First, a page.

Humanity in the midst?

I finished with a small group that have journeyed through the four books on ‘Explorations in Theology’. I always benefit a lot, and as a result began to think about the Jesus’ phrase ‘where two or three are gathered together in his name then he is present between them’. Given that the first book was on Humanising the Divine, thus emphasising the similarity of God and humanity, that God was fully present in the muman manifestation of Jesus, then maybe we can explore something…

If two people who do not profess faith in God genuinely meet each other and ‘see’ each other then what manifests is something that approximates to true humanity. If in their coming together they objectify / dehumanise the other then what manifests is that which we term ‘demonic’.

If we were able to facilitate in the current climate a Palestinian and a Jew meeting and truly meeting so that hopes, fears and story can be heard by each other then in the space in between humanity would be manifest – the image of God not simply being indivdual but corporate (make ‘them’ in the image of God). That is how close we are to genuine transformation… and why we are so far from it.

While we were enemies of God (‘love your enemy’ not simply being a command but a way of life that God has manifest since the beginning) God sat ‘opposite’ us – not objectifying us but seeing us… we however, unable to see God (eyes of our heart blinded) there was no reconciliation. So God, in Christ, becomes human and incorporates us in Christ through the cross, swallowing up all death, sin and the powers.

If we meet into (eis) his name, come toward his name, representing / manifesting Jesus, to the extent we can do that is the extent that Jesus is manifest. This is much more than a prayer ‘we meet in the name of Jesus’ for we can meet and proclaim that but not manifest the name / character of Jesus… and conversely those without faith could meet, not proclaim any such thing, but there be a manifestation of humanity, Jesus being the fullness and trueness of humanity. This concept of Jesus as the fullness / trueness seems a sensible way to go… loving friends is a genuinely good thing, the fullness is loving one’s enemy; not committing adultery / murder is a genuinely good way to go, the fullness is the total humanising of the other, seeing the other (I-Thou of Martin Buber), not obejcitfying them.

So trying to summarise my babble… all genuine relationships manifest something of what it is to be humanity. Where that which is expressed is not genuine the space is created for the demonic to manifest. We should encourage all relationships to move toward being genuine (not all that is expressed by humanity is unclean and as filthy rags – the ‘righteousness’ provoked by religion is that which is ‘as filthy rags’). Then if we claim to have been reconciled to the Father through the Son the huge challenge is to move into the very character of Jesus (to gather into his name) for humanity will be manifest in that space, but not simply humanity as we know it, but humanity as expressed in Jesus; the fullness and trueness of what it means to be humanity.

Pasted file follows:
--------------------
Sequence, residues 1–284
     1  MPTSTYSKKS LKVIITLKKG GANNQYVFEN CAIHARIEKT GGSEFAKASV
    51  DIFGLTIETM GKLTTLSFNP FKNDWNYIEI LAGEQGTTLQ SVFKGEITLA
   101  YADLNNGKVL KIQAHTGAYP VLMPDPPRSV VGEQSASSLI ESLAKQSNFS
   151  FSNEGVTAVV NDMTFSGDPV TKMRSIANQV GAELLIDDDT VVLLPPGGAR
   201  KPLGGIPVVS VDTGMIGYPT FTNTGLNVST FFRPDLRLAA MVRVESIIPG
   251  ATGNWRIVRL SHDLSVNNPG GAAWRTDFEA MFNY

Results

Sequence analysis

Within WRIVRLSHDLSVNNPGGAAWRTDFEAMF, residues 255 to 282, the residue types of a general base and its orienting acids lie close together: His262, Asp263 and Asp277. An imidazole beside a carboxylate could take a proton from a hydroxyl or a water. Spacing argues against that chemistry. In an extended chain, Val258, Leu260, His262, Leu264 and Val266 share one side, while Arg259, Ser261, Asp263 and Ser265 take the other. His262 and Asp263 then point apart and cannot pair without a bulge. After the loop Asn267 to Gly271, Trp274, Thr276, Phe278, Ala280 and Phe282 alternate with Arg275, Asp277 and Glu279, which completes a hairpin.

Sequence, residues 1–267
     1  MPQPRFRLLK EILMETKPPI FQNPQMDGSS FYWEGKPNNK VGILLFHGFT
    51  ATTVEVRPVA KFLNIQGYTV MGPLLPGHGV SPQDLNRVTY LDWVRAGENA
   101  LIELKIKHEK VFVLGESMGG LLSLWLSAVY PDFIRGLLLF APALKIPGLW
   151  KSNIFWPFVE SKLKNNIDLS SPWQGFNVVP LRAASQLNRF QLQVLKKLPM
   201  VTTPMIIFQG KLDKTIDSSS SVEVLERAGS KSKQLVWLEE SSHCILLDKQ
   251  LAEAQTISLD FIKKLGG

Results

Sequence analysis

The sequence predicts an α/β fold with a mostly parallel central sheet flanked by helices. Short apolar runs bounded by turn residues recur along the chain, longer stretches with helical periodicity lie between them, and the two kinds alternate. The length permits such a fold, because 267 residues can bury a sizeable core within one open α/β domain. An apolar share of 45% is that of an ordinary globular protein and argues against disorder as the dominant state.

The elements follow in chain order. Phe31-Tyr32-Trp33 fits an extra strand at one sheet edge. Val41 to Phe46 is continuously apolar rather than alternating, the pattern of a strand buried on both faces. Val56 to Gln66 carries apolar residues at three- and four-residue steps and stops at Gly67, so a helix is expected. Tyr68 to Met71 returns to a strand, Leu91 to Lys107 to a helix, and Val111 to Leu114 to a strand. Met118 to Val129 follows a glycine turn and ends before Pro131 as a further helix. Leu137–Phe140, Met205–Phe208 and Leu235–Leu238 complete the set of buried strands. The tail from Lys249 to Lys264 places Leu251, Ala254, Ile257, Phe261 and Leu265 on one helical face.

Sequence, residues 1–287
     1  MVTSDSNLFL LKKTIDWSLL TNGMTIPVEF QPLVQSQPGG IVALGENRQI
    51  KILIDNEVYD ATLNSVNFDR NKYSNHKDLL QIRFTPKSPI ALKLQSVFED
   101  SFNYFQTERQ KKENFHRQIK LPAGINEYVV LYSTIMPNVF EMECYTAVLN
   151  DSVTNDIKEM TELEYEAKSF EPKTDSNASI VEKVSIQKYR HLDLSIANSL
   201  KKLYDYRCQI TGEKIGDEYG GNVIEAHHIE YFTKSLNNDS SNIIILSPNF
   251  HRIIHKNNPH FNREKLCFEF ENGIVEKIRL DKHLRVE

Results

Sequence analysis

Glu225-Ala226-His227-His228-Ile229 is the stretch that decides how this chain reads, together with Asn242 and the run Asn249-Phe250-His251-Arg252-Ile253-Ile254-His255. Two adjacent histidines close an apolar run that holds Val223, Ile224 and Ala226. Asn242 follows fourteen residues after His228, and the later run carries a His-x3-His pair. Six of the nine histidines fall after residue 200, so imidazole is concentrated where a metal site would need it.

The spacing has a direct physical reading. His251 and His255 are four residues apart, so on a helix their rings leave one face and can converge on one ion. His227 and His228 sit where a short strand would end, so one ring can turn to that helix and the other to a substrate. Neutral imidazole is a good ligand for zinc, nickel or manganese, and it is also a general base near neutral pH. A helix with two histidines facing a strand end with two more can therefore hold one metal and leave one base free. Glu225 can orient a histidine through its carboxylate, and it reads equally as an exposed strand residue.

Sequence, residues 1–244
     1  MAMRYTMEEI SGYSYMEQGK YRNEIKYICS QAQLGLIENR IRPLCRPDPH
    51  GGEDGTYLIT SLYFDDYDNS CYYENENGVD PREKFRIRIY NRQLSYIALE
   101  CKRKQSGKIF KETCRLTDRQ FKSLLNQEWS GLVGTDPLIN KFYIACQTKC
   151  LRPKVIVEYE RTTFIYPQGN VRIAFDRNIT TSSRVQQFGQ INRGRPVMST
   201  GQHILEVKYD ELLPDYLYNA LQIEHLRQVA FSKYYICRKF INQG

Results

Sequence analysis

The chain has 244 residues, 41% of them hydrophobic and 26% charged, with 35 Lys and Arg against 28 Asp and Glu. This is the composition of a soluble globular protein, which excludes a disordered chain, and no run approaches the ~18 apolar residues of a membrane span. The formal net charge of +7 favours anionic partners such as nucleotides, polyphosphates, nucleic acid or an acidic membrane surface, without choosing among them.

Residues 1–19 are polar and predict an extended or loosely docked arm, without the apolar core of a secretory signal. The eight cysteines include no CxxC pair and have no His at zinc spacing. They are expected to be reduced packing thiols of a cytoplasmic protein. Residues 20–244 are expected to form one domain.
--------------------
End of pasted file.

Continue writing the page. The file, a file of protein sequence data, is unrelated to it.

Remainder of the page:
4 thoughts on “Humanity in the midst?

  1. There’s a Christmas hamper for thought there Martin. Difficult to express succinctly in a short post. Keep babbling my friend!

  2. I wonder if the current situation in Israel and Gaza/West Bank is yet another manifestation of facades coming down. Certainly there is testimony to how Israeli policies toward both areas have been very oppressive to those living there. That is not to excuse anyone on either side but clearly many have viewed both through facades.

    I was struck one day with an interview about the West Bank and how the Jewish settler, many of whom are guilty of terrible violence towards Palestinians, claimed that God had given them the land, set the boundaries, and therefore the violence to remove the Palestinians was right and good. That made me think about your post on boundaries. I wonder if the conflict over boundaries that we are seeing and will surely see more of, is another way of facades coming down to reveal the truth of a matter. And that the most important aspect of a boundary is not how long it has been there, or the claim of supernatural establishment of it or anything else except our relationship to the boundary and those who share it with us. A boundary has parties on both sides so it is the relationship that counts. And that is, of course, how we get to living with each other by recognizing the other’s humanity vs the terrible outcomes of dehumanizing a person or group.

    Facades, conflict over boundaries, and humanizing one another. All a part of the process we are now experiencing together. The big question is where does this all end up. Do we feverishly work to paper over things and regain at least the appearance of the facades with the boundaries we have imposed? Or do we allow those facades to fall and affirm the humanity of one another so that new boundaries are allowed. Perhaps the real goal is a world with no boundaries and a joyful recognition of all humanity (and other species as knowing other species really teaches us to be human. . . just saying)!

  3. My heart resonates with these thoughts, Martin. It helps give words to my thoughts. Thank you.

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